CMS-UTLibraries partnership in Manuscript Studies

In partnership, University of Toronto Libraries and Centre for Medieval Studies’ Old Books New Science Lab have undertaken a project – “Digital Tools for Manuscript Study” – funded by the Andrew W. Mellon Foundation. We have identified some core needs of scholars who use digital surrogates of medieval books: data portability, repository interoperability and tool modularity. Our project aims to create tools that support these needs.

Capture d’écran 2016-06-21 à 11.02.56 PM

London, British Library, Yates Thompson 47, f.14

Our project is one node in an international network built upon IIIF, the International Image Interoperability Framework, and the Web Annotation data model. IIIF de-silos image stores. It allows scholars to work with manuscripts from different repositories, and enables cross-institutional image and annotation sharing. Using IIIF and Web Annotation specifications, our team will be integrating several modular tools with Omeka, the popular open-source content management system. We hope to improve the usability of these tools for medievalists, and to increase the portability of data between Omeka, library and archive repositories, and scholars’ desktops. Our project also uses to improve the interoperability of the data produced by scholarly transcription, translation and annotation of books.

The Second Toronto-Washington Colloquium for the Study of the Bible and Theology in the Middle Ages

The purpose of the Colloquium is to provide a forum for graduate students working on different aspects of the medieval sacra pagina to present and discuss their work in the presence of faculty and peers. The main focus of the meetings will be on student presentations, circulated beforehand, to which faculty will respond. In addition, there will be one or more lectures and/or workshops given by faculty members on relevant themes. The Colloquium thus provides students with a valuable opportunity to discuss their work with experts who they do not encounter on a regular basis, and to interact with fellow students working on related topics. The overarching goal of the Colloquium is to create a solid foundation for the revision of the role the Bible played in the development of theology in the Middle Ages and beyond.


Evangelium Sancti Matthei cum glossa, Montpellier, Bibl. med. H 155, f. 11r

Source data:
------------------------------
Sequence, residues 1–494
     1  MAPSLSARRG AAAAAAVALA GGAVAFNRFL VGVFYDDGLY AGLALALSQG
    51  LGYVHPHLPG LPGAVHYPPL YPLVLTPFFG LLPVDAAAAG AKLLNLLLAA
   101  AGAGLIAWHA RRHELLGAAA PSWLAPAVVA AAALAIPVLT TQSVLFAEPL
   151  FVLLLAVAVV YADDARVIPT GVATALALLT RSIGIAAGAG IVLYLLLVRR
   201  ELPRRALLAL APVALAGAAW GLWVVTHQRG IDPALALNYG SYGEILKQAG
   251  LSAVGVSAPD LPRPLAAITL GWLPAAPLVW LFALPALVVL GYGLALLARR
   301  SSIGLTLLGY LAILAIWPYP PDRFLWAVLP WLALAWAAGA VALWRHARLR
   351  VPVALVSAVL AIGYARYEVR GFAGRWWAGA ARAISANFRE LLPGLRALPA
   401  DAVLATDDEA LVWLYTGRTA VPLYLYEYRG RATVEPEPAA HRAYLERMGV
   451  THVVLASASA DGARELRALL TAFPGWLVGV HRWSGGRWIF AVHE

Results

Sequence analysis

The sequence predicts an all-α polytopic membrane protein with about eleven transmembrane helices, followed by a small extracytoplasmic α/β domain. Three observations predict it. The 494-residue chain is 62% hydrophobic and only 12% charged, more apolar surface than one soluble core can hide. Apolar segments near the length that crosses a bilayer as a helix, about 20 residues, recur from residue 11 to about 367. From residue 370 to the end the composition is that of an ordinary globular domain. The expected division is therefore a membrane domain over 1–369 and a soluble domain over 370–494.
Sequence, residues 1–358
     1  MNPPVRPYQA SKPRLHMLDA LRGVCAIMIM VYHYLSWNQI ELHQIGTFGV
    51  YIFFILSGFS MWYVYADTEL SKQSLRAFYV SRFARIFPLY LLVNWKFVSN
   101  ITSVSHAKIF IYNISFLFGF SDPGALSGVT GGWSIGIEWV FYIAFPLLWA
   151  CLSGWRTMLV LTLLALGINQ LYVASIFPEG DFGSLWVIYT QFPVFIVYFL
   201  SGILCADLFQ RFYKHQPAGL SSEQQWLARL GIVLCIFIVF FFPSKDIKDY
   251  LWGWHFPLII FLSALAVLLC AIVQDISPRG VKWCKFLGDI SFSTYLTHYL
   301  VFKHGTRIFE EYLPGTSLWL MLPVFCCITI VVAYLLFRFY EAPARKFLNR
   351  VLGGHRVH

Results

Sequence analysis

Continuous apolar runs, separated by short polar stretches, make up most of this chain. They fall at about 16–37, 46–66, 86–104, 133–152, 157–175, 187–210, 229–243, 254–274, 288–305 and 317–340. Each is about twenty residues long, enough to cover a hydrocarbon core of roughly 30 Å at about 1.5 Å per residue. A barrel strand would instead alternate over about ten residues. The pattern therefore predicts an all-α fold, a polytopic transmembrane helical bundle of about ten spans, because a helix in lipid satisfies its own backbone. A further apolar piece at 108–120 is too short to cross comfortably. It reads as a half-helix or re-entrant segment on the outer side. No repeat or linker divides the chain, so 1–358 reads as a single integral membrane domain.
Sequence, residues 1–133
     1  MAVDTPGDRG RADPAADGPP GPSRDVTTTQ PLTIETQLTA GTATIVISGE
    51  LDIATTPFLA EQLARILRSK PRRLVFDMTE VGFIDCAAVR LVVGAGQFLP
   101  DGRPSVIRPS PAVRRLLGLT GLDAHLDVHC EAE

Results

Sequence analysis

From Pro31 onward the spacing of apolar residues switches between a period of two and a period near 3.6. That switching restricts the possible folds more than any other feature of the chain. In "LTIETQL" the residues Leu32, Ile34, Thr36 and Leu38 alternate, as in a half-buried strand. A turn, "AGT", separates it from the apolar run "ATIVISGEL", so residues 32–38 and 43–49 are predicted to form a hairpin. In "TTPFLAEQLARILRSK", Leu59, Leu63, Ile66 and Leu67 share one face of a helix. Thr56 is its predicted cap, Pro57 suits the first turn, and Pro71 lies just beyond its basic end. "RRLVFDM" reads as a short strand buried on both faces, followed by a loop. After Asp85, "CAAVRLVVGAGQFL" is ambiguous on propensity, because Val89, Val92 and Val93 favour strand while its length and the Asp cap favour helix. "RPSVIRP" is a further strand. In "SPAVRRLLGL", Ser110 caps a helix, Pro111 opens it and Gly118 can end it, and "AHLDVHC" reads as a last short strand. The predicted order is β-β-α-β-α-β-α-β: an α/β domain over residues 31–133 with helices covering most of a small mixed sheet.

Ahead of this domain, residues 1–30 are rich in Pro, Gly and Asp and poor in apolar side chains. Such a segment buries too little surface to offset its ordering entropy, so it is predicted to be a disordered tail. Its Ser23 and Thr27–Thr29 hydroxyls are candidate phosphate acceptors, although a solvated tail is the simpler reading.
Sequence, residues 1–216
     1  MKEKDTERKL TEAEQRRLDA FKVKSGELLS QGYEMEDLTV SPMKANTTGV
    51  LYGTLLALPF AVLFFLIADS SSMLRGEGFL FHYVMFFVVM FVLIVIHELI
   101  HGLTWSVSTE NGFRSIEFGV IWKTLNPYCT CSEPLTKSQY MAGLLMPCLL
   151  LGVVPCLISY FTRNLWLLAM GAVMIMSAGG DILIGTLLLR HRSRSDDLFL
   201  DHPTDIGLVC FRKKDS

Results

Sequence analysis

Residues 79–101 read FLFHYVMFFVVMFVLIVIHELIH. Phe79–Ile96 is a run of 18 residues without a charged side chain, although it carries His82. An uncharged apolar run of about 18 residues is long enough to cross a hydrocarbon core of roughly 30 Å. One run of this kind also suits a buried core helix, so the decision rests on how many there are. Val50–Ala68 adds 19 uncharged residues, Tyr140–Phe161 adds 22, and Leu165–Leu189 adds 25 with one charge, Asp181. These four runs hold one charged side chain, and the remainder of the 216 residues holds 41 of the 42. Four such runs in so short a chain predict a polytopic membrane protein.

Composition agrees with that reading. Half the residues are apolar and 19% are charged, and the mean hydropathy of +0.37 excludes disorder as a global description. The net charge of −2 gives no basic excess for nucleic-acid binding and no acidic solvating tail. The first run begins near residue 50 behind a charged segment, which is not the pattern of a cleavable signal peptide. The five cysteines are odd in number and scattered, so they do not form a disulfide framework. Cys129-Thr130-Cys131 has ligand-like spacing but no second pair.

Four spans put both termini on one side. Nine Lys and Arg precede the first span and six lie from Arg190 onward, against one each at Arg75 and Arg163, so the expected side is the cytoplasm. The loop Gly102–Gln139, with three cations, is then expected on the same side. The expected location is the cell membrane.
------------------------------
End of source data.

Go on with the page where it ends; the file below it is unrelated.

Evangelium Sancti Matthei cum glossa, Montpellier, Bibl. med. H 155, f. 11r


Thursday, June 16


9:00-9:30: Breakfast and welcome. PIMS, Laurence K. Shook Common Room


9:30-10:00: Opening Keynote Lecture. PIMS, Classroom A

Alexander Andrée (CMS), “The Bible and Theology in the Twelfth Century: A New Approach.”


10:00-11:30: Session 1. PIMS, Classroom A. Chair: Tim Noone (CUA)

Speaker: Kevin Augustyn (CUA), “Peter Comestor’s Lectures on the Sermon on the Mount in the Glossed Matthew.”

Response: Alexander Andrée


11:45-12:30: Session 2. PIMS, Classroom A. Chair: Peter O’Hagan (CMS)

Speaker: David Foley (CMS), “Hoc Initium Signorum: Preliminary Reflections on Mazarine 175’s Anonymous Glose siue postille super Iohannem.


12:30-2:00: Lunch.  PIMS, Laurence K. Shook Common Room


2:00-3:30: Session 3. PIMS, Classroom A. Chair: Alexander Andrée

Speaker: Kirsty Schut (CMS), “Teaching the Bible in Fourteenth-Century Naples.”

Response: Tim Noone


3:45-4:30: Session 4. PIMS, Classroom A. Chair: Joshua Benson (CUA)

Speaker: Lane Springer (CMS), “A Genesis Commentary in St Gallen 146.”


4:30-6:00: Session 5. PIMS, Classroom A. Chair: Giulio Silano (SMC)

Speaker: Peter O’Hagan, “Sacra doctrina as Historical Act: Peter Lombard’s Use of the Glossa ‘ordinaria’ on Romans.”

Response: Mark Clark (CUA)


Friday, June 17


9:30-10:00: Breakfast. PIMS, Laurence K. Shook Common Room

10:00-11:30: Session 6. PIMS, Classroom A. Chair: Mark Clark

Speaker: Andrew Cuff (CUA), “Peter Comestor’s Lectures on the Glossed Luke and the Gloss: a Preliminary Study.”

Response: Alexander Andrée


11:45-1:00: Session 7, PIMS, Classroom A. Chair: Kirsty Schut

Speaker: Ben Durham (CMS), “Biblical Authority and Structure in the Sermons of Peter Comestor.”

Speaker: Katie Menendez (CMS), “Exegesis and Historiography in Peter Comestor.”


1:00-2:00: Lunch. PIMS, Laurence K. Shook Common Room

2:00-3:30: Session 8. PIMS, Classroom A. Chair: Joshua Benson

Speaker: Allison Zbicz Michael (CUA), “Six-Fold Senses and the Adornment of Creation in Robert Grosseteste’s Hexaemeron.”

Response: Jim Ginther (SMC)


3:45-4:30: Session 9. PIMS, Classroom A. Chair: Alexander Andrée

Speaker: Alessia Berardi (CMS), “The Materia super librum sententiarum: Peter Comestor and the Authority of his Master.”


4:30-5:00: Closing Keynote Lecture. PIMS, Classroom A

Mark Clark, “The Lectures That Formed the Basis for All of Stephen Langton’s Lectures on the Old Testament: an Introduction.”


The Colloquium for the Study of the Bible and Theology in the Middle Ages is organized with the generous support of the Centre for Medieval Studies and the Pontifical Institute of Mediaeval Studies in the University of Toronto, and the School of Theology of the Catholic University of America.